Liberal MP Tim Wilson made his political bones on defending two ideas: The freedom to choose and the right to private property.
Both ideas are the foundations of an uncomplicated libertarian, or classical liberal, philosophy that Mr Wilson has ridden through his career – first at the right-wing Institute of Public Affairs think tank; a high-paid government sinecure as the nation’s Human Rights Commissioner, and latterly, Liberal Party preselection for the south-east Melbourne seat of Goldstein.
But this week he apparently torched his claim to both values, with an email to constituents in support of local residents spying on each other at a potentially eye-watering cost.
“You will now be seeing visible signs through the letterbox,” he wrote to Goldstein residents about supporters of the prominent former ABC reporter and The New Daily columnist Zoe Daniel, an independent candidate who is challenging Mr Wilson in Goldstein at the upcoming election.
“It is unlawful to erect signs until after the election has been called.
“They are ignoring Council. They don’t care if they break the law.”
Mr Wilson ended his letter by inviting Goldstein residents to report those exercising their rights to freedom of political communication – in, he said, contravention to local by-laws – directly to him on a Parliament-provided email address.
That is despite the fact that not far from Mr Wilson’s electorate, paid billboards featuring Treasurer Josh Frydenberg and announcing he is “delivering for Kooyong” are difficult to miss.
Contacted for comment, Mr Wilson denied he was betraying the laissez faire philosophy he has advocated so sincerely, but admitted to working with local government authorities to enforce regulations on signage.
“Council has advised candidates that planning law does not permit election signage on people’s homes outside the formal campaign period,” he told The New Daily.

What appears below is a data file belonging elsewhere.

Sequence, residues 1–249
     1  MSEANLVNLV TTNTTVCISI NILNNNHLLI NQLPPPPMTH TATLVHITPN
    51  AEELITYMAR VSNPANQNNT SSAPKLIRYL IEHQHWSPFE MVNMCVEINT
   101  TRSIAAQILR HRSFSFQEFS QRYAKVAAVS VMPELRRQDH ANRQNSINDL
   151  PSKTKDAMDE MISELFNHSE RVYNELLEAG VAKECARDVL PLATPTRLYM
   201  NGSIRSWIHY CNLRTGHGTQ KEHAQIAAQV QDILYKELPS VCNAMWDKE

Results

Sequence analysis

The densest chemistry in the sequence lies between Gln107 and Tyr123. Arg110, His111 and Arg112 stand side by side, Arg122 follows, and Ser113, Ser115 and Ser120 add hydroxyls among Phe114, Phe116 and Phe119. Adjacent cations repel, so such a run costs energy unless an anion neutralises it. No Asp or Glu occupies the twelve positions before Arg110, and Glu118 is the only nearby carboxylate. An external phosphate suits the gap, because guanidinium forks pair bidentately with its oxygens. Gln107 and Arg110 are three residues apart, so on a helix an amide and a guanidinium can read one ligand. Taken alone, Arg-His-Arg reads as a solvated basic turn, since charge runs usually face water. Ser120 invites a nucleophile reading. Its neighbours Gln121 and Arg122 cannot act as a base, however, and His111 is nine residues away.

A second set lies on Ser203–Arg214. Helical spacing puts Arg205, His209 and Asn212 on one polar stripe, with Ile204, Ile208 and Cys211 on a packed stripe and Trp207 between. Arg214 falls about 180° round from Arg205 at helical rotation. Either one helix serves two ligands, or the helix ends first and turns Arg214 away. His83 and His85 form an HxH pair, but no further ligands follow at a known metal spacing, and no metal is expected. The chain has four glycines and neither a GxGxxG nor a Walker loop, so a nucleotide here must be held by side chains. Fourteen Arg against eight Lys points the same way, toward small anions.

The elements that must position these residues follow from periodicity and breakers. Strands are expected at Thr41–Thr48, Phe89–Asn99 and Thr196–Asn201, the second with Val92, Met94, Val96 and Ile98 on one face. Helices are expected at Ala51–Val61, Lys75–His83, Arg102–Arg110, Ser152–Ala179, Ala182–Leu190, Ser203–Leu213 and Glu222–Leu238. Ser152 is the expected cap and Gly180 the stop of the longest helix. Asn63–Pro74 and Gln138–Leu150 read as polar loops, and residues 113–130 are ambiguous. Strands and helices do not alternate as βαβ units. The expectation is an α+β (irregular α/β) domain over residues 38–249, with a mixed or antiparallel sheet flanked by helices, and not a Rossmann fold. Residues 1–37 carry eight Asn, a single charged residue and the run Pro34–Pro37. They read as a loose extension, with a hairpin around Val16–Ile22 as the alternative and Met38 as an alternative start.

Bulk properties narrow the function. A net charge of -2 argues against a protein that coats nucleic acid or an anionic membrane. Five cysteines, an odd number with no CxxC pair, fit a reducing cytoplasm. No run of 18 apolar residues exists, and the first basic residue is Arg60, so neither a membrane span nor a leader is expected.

“We are complying with the law.
“I feel sorry for those households about to be fined nearly $1000 each in involuntary campaign expenses because their candidate is knowingly encouraging them to break the law, but after Zali Steggall deliberately split donations to subvert electoral law no one should be surprised.”
Mr Wilson’s statement seems to identify what could be another motivation for his recent scrupulousness about local planning by-laws.
He identified the Sydney MP who claimed the formerly safe Liberal seat from former Prime Minister Tony Abbott, in a campaign that focused, as Ms Daniel’s does, on clean energy and clean government.
Ms Steggall and Ms Daniel are commonly referred to as “teal” independents for the way in which their platforms marry classically inner-city ‘blue’ Liberal values with concern for climate change.
Others from the same mould include Sydney inner-city challengers Allegra Spender in Wentworth and Kylea Tink in North Sydney.
The candidates have the backing of the activist-investor Simon Holmes à Court, who heads the Climate 200 group that will direct thousands of donations to MPs taking on Liberal candidates in the above seats as well as Mackellar in Sydney and Mr Frydenberg’s seat of Kooyong.
The threat has many incumbents very worried, senior Liberal sources concede.
A recent near-miss after an independent challenged the Liberals in a by-election for former NSW premier Gladys Berejiklian’s seat of Willoughby made it clear a change in the electorate’s mood is real.
It has the Liberal Party directing resources and energy to what were previously considered blue-ribbon seats.
Former diplomat Dave Sharma is locked in a dogfight to beat Ms Spender in Wentworth, a seat that was previously held by another independent, former Australian Medical Association president Kerryn Phelps.
Goldstein, too, could come down to letterbox signage.
The formerly very safe Liberal seat lost nearly five percentage points on a two-party preferred basis last election. Its current margin of more than 7.5 percentage points is certain to fall further.
But Mr Wilson denies that his call to curtain twitching betrays any sense of worry on his part.
“The feedback we are getting makes me confident that I will continue to have the privilege to represent Goldstein for many years to come,” he said.
“Residents are pushing back against their community’s representation being bought by Simon Holmes a Court”.